Digital Essays: Creative with the truth?

Lacking in creativity and giving awards to formulaic work, digital is an industry that needs to take more risks if it is to produce great creative ideas.

Financially, our industry is in rude health. But what about our creative product? With all the hype about, it's useful to take a reality check. If we're honest, there are creative highlights, but most agencies muddle through. So far, we've not topped "subservient chicken" or BMW Films. There's been no breakthrough work. Axe "feather" has been enjoyed by 15 million people, but we've not heard anyone talking about it in the pub or our mums discussing it with neighbours. So what's stopping the big ideas?


The very notion of working on an idea that is not good enough to be produced with real money in the real world is absurd and yet our industry is obsessed with it. Grainy mpegs, exploding heads and stupid games do nothing for long-term brand health and are damaging our reputation. In many ways, you could simply substitute the word "viral" with the word "bad" and we would be nearer the truth.

Good content is alive, though. The messages that get sent around the most are all good, simple creative ideas. The John West fighting bear ad was not a viral, it was a great TV ad. "Subservient chicken" was not a viral, it was a great piece of interactive content. The Arctic Monkeys did not get to number one because their singles were viral, but because they make great music. But if viral is dead, does that mean the 30-second ad is dead? Not at all. Creatively speaking, the internet will save the TV ad because people will seek out good ads and publicly ridicule bad ones.

So what can we do when clients continually ask us to "do a viral"? First, ditch the time and money spent on "seeding" and use it to produce a great idea. If it's good enough, it will fly. Second, look your client in the eye and reply: "You mean do something good."


Great work travels fast. Our creative community sees the good stuff almost instantly and trends emerge quickly. These trends become formulae that pick up awards. These formulae come and go: do something with video, have something move from one banner to another, type in some information and have it magically played back to you in an amusing or cryptic way. We are all, to varying degrees, guilty of this. So why the lack of originality?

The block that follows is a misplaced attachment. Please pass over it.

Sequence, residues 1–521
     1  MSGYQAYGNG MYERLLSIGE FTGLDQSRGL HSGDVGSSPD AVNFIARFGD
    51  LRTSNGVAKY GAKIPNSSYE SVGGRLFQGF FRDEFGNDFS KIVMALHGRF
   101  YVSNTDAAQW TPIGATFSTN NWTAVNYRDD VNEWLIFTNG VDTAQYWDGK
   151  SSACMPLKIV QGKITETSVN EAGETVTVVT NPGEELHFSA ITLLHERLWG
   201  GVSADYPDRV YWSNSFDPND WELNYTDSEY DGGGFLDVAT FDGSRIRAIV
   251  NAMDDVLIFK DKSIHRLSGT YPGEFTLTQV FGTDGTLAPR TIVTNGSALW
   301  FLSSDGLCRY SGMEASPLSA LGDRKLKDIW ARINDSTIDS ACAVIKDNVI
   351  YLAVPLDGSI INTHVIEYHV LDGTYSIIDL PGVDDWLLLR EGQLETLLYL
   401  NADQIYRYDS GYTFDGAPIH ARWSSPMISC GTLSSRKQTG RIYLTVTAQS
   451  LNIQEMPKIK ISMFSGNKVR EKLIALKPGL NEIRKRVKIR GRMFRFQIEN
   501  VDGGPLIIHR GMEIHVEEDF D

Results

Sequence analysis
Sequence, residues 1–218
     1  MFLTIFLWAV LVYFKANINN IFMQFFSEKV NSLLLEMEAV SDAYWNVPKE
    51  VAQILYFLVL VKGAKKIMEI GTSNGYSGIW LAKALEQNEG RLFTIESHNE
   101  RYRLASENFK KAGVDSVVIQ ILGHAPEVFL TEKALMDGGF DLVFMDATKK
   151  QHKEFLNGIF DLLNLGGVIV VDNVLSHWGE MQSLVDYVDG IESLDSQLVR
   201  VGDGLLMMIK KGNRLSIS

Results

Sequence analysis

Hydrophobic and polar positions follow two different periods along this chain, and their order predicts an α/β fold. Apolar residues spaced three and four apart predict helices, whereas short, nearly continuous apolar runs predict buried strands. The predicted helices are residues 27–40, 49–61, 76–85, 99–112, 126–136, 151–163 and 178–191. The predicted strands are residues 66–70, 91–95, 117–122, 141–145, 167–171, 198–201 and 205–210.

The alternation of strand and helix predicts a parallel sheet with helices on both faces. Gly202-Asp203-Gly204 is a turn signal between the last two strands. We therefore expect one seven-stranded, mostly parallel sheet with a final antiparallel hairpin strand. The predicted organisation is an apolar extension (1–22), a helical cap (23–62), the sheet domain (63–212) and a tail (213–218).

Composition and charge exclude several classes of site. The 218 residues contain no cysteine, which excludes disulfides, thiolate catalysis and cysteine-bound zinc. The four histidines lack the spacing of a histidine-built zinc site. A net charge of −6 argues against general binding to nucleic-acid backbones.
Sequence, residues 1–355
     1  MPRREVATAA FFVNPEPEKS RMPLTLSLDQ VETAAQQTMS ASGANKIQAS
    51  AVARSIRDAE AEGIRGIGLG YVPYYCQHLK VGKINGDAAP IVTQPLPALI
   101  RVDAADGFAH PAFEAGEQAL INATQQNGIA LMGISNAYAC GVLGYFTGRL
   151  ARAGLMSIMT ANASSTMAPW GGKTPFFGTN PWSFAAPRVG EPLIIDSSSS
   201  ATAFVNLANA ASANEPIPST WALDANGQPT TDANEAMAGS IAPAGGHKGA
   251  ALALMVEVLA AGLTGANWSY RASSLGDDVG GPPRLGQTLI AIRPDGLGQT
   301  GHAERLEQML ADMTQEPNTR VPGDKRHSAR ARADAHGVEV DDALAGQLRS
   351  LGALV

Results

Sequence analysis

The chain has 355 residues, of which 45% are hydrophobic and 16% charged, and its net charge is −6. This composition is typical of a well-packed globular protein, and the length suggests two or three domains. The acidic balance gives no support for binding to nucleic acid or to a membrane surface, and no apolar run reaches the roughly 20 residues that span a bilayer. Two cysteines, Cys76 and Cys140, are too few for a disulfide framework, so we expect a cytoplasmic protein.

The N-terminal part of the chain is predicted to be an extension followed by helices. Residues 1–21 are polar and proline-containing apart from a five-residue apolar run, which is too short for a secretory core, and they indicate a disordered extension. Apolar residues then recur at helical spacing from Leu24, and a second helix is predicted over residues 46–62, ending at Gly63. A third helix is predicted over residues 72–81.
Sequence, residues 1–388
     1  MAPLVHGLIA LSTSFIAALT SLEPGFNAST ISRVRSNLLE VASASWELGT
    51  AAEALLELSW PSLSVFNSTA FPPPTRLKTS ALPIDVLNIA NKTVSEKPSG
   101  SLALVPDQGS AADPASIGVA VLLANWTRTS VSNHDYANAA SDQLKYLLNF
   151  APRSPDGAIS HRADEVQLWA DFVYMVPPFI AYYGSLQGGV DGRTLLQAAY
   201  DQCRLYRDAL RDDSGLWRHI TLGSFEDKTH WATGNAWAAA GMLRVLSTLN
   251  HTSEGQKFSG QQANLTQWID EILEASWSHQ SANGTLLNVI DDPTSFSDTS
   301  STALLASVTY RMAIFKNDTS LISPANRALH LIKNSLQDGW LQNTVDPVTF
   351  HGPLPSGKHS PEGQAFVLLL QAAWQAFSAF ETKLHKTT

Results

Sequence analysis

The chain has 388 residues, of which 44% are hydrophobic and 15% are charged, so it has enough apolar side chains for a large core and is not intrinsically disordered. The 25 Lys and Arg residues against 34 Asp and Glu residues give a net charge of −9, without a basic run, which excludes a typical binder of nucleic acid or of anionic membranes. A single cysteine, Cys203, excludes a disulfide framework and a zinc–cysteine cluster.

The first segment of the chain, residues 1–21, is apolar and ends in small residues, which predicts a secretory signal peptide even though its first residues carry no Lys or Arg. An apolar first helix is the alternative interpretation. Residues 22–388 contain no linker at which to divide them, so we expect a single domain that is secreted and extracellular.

It's bloody hard to come up with a great interactive idea. We have to think of media and technical innovation as well as the creative idea.

It's certainly harder than writing a TV script. And, given the choice between repeating the formula and coming up with an original idea, most people take the easy option: if they're winning awards they must be doing something right, right? The harm is that the next generation of digital creatives will get smug and will not strive for originality.

We need to populate the awards juries with people who are stricter and look beyond formulas, rewarding original thinking and craft.


In such a young industry, it's unreasonable to expect the digital John Hegarty to appear overnight. But there is no sense of a group of quality senior people ready to take up that mantle. There is talent, but it is limited to skill-sets. There are no all-rounders capable of consistently producing magic. At Dare we get by because there are two of us, and we're surrounded by senior management who share a genuine passion for the creative product and back that up with real experience.

Due to the dotcom gold rush there are still agency chiefs and, criminally, creative heads around with little or no understanding or love of creativity.

So if agency chiefs don't prioritise ideas, then how are the talented going to grow? Our traditional agency counterparts are not much use either.

Some are too busy, some sulking, and most don't know how to open a Real Audio file. This is amusing, but it's also depressing because if we can't learn from them either, how will we become great all-round thinkers and executors?

Perhaps inspiration will come from overseas? Certainly it needs to come from areas beyond digital. Wherever it comes from, we need to welcome it and act upon it.


Old advertising creative directors, so the stories go, used to have many "fuck it" moments. This doesn't happen enough in our world. We still nervously hang on to every brief thinking somehow that the industry is due a fall again. We don't take risks because we worry about what would happen if a project went wrong. What would actually happen? Any client prepared to take their business elsewhere after one failure, assuming a healthy previous track record, is not worth our time. Conversely, clients prepared to take risks are worth their weight in gold.

So let's think of some more maverick ways to do things. We recently built a 20-tonne steel crusher to destroy desks for a Vodafone business brief.

On the face of it, it's a silly idea, but when backed by the strategic thought of no longer needing a desk to do business, it makes sense and cuts though.

As interactive becomes the mainstream media, along will come bigger budgets, more scrutiny and research. All these things have a habit of killing risky ideas, so let's at least try to make hay while the sun shines. And stop moaning about budgets - if you build it, they will come.

- Flo Heiss is the creative partner and James Cooper is the creative director at Dare.


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